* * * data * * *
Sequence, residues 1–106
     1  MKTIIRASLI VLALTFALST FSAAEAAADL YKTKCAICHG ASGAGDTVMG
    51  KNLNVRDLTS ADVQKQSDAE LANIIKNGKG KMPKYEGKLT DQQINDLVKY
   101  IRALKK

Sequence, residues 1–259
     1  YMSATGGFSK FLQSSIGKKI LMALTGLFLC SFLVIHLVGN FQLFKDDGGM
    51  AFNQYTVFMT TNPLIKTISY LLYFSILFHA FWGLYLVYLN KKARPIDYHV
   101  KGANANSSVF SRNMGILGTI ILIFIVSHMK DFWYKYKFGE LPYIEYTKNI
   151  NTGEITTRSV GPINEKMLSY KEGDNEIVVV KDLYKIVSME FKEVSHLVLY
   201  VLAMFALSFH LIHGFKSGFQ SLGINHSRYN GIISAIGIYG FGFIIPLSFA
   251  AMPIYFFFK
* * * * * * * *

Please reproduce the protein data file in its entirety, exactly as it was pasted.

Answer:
Sequence, residues 1–106
     1  MKTIIRASLI VLALTFALST FSAAEAAADL YKTKCAICHG ASGAGDTVMG
    51  KNLNVRDLTS ADVQKQSDAE LANIIKNGKG KMPKYEGKLT DQQINDLVKY
   101  IRALKK

Sequence, residues 1–259
     1  YMSATGGFSK FLQSSIGKKI LMALTGLFLC SFLVIHLVGN FQLFKDDGGM
    51  AFNQYTVFMT TNPLIKTISY LLYFSILFHA FWGLYLVYLN KKARPIDYHV
   101  KGANANSSVF SRNMGILGTI ILIFIVSHMK DFWYKYKFGE LPYIEYTKNI
   151  NTGEITTRSV GPINEKMLSY KEGDNEIVVV KDLYKIVSME FKEVSHLVLY
   201  VLAMFALSFH LIHGFKSGFQ SLGINHSRYN GIISAIGIYG FGFIIPLSFA
   251  AMPIYFFFK